Luke 14:1-14 / 1 September 2013

A Sabbath dinner with Jesus in the house of a Pharisee. You just know this is going to be good. A teachable moment, ripe with possibilities. The Pharisees are watching Jesus carefully. Waiting for Him to make a slip. Do or say something so they can pin a charge on Him.

Enter a man with dropsy. Just the sort of person you want dropping in on your nice little dinner party with Jesus. You’re just getting started with the appetizers and drinks and in walks this man with a distended gut and stands in front of Jesus.

“Is it lawful to heal on the Sabbath or not?” Jesus poses the Law question to the experts – the synagogue lawyers and the Pharisees. They took pride in this sort of thing. Codifying the law. Making it doable. 613 dos and don’ts. Thirty-two kinds of work you could not do on the Sabbath. Was this one of them? What about healing? Is it lawful to heal on the Sabbath?

If you were one of the lawyers or Pharisees, you would get out your Talmud and Mishnah and check in the table of contents under “Healing” to see what the rabbis said. Was it work or wasn’t it? Well, it depends who did it, I suppose. If you do it, then it’s work. If God does it, then it isn’t work. But if God does it through you, well…. hmmmm….not so sure about that. Best not say anything at all. That would be safest. “They remained silent.” Silence did the poor man no good, of course. The Law can never heal.

What about a son or an ox who has fallen into a well? Wouldn’t you get him out? Would you even have to ask whether it is lawful to do this on a Sabbath? Would you wait until the next day just to keep the law? Of course not! “I desire mercy, not sacrifice.” “The Sabbath was made for man, not man for the Sabbath.” So what do you do? The Sabbath law says “no work”. The man is there to be healed. Ignore him and you break the fifth commandment. Heal him, and you break the third. You’re caught between a rock and a hard place.

That’s how the Law works. It won’t guide you as much as paint you into a corner where no matter what you do, you’ll walk on wet paint. It’s the same way with the man in the ditch who fell among thieves and the Samaritan who came to be neighbor to him. Only someone who is free from the Law is free to do goodness and mercy for the neighbor with no legal strings attached. And when one is free from the Law, one no longer has to ask the question “Is it lawful?” Rather the question will be, “Is it merciful, loving, good, gracious?”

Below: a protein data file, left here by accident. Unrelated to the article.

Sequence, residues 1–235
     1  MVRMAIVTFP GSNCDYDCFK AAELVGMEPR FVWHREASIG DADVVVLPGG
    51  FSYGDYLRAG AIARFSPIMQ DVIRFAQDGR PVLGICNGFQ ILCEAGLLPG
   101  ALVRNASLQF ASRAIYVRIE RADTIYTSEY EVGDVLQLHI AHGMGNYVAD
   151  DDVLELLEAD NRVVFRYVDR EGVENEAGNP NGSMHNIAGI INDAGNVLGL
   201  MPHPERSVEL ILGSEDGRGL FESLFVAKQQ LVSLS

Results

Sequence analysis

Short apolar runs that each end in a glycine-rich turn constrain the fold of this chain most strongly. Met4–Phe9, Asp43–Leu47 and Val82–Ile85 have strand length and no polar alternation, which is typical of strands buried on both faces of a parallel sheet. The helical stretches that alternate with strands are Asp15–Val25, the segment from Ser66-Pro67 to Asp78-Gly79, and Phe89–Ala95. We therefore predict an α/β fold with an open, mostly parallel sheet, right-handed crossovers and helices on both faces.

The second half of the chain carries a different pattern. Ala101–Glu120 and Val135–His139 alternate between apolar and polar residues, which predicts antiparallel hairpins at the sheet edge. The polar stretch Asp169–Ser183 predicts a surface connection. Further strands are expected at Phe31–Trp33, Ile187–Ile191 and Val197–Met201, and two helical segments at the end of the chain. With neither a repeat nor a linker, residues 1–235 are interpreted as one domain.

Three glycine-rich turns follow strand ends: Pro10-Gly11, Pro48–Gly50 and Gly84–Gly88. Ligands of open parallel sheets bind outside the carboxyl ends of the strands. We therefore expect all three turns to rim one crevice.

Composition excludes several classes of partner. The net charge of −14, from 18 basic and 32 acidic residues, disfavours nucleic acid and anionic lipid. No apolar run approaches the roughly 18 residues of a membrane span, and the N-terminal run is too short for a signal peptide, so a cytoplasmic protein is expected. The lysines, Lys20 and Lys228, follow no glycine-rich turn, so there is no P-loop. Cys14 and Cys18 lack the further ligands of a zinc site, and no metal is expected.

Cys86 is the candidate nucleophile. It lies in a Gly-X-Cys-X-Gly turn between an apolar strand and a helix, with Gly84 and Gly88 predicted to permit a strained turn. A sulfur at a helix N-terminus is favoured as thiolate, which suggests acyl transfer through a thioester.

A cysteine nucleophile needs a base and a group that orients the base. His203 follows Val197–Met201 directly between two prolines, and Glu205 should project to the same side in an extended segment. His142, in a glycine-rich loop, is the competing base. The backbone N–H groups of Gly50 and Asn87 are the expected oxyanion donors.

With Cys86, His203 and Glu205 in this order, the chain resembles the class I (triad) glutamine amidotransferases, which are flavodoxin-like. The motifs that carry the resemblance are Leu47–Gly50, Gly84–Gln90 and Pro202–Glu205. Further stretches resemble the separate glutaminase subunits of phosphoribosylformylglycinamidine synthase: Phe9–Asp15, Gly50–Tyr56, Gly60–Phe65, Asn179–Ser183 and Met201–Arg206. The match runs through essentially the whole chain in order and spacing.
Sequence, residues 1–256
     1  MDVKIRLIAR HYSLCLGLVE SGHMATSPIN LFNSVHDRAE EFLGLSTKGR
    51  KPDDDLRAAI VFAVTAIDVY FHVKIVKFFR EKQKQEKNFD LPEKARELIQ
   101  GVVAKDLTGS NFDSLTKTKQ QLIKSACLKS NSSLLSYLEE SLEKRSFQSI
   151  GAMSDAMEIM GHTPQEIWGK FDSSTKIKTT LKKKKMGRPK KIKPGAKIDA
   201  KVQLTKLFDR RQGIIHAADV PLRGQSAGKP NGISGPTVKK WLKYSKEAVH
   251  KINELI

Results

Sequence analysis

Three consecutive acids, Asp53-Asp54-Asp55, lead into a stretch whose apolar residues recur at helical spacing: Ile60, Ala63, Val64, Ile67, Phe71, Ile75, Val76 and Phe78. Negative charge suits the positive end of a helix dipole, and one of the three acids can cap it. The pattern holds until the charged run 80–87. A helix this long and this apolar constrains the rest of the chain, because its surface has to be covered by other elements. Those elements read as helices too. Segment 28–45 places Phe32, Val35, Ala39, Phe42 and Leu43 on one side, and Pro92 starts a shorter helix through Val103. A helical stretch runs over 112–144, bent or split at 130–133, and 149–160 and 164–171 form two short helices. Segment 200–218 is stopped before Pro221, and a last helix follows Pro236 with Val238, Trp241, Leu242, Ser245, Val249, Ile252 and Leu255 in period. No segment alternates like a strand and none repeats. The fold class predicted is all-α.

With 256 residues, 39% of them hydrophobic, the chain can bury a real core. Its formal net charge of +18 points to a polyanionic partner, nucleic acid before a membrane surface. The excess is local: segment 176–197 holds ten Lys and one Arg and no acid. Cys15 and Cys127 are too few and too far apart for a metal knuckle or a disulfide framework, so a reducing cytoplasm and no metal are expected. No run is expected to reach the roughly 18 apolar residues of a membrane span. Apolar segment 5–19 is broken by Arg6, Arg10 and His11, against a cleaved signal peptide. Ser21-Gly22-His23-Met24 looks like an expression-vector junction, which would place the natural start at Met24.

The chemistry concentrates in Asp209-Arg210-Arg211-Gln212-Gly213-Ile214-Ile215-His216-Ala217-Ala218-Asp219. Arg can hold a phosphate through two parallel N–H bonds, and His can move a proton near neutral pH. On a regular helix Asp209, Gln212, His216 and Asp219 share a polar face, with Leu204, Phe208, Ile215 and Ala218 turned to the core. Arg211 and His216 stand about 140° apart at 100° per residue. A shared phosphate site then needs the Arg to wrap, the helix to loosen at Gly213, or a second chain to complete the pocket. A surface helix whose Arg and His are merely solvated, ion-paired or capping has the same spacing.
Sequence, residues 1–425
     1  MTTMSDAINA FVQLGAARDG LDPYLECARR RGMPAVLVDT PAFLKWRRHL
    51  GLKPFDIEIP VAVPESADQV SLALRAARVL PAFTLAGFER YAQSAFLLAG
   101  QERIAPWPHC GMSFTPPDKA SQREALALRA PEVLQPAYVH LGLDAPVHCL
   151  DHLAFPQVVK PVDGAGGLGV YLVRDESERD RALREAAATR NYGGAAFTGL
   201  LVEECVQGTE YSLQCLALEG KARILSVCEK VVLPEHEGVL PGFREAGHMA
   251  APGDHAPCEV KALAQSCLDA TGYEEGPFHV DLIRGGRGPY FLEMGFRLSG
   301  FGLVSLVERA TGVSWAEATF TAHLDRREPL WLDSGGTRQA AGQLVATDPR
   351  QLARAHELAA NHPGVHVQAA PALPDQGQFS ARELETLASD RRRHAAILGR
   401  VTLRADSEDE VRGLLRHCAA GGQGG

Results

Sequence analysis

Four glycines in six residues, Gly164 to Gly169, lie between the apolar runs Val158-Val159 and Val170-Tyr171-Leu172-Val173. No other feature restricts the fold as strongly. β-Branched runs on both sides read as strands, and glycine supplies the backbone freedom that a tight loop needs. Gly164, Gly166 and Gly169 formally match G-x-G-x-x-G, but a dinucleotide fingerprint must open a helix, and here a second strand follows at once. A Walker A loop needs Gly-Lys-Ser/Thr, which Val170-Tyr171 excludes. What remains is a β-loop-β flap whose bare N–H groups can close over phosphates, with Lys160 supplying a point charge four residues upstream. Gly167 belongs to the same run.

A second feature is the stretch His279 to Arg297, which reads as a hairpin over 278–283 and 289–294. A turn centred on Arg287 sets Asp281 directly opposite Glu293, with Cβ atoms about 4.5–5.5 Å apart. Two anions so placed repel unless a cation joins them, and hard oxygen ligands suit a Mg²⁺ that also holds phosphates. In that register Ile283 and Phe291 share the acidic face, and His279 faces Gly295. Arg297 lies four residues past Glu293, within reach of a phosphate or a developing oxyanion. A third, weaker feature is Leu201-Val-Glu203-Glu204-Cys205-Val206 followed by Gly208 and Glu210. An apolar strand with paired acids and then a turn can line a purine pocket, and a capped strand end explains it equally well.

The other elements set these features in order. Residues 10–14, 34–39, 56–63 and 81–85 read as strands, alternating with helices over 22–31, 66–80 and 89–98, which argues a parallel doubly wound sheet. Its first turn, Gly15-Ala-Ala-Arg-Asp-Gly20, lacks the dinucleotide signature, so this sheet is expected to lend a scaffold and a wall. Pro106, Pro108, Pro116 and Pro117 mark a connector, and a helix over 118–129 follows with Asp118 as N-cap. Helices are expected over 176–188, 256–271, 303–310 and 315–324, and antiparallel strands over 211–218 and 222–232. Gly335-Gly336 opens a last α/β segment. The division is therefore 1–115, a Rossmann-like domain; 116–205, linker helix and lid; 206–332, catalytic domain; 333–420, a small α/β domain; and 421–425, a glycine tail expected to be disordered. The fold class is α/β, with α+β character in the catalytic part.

Jesus is utterly free. He is the Lord of the Sabbath and the Lord of creation. He brings healing not the way the healers do, but as the Source of all healing. What He did for this man with dropsy, He wants to do for all by His dying and rising. He bears our infirmities, our sicknesses, all the ways that Sin has ravaged our lives. He became our Sin. Our sickness too. “By His wounds we are healed.”

Jesus heals the man and sends him on his way. And the lawyers and Pharisees have nothing to say about it. It makes no sense to them. How can this “Sabbath breaker” do the works of God? How can someone who seems to run roughshod over all the religious rules have the power of God to heal at the same time? To the Law, this makes no sense, but the Law can’t bring healing. You don’t heal people by giving them commandments. In fact, to the legalist, the man who was sick probably did something to deserve being sick. That’s how it works with the Law. You get precisely what you deserve.

Let’s admit it, we think the same way, though we may not say it out loud. Our religious old Adam believes that you get what you deserve, even when it comes to illness. You must have done something wrong. Violated one of the commandments of health, dieting, and exercise. And even more, our religious old Adam believes that God only works through good people, the obedient ones, the commandment keepers. So we hold pastors and church leaders to standards we ourselves aren’t willing to keep, which serves two purposes. First, it allows us to knock them down whenever we perceive a weakness or failing on their part. Second, it lets us off the hook, because “hey, I’m not holy enough to do that job.” A win/win situation for the old Adam. He can judge others and justify himself at the same time.

Jesus has this dinner party wrapped around His little finger. All eyes and ears are on Him. A perfect time to unleash a loose bolt of a parable. “When you go to a wedding feast, don’t take the honored seats next to the bride and groom but sit with the low-lifes and the degenerates in the back. That way you won’t be embarrassed when someone higher than you bumps you from your seat and you’ll be honored when the host says, “Friend, come up here.”

“For everyone who exalts himself will be humbled, and he who humbles himself will be exalted.”